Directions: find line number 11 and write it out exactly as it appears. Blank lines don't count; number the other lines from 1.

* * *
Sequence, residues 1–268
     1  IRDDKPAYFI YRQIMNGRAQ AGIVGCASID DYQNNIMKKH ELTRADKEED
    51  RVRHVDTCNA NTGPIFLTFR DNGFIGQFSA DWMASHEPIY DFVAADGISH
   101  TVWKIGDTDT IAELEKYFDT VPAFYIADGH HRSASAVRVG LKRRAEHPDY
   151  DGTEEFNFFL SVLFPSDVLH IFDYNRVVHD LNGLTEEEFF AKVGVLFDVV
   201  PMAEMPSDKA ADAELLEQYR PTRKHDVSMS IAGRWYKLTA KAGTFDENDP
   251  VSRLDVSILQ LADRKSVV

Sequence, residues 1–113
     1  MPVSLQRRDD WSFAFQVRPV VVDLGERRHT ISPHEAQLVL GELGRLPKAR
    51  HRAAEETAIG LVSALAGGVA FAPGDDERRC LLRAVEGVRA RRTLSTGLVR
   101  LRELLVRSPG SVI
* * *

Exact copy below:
   101  LRELLVRSPG SVI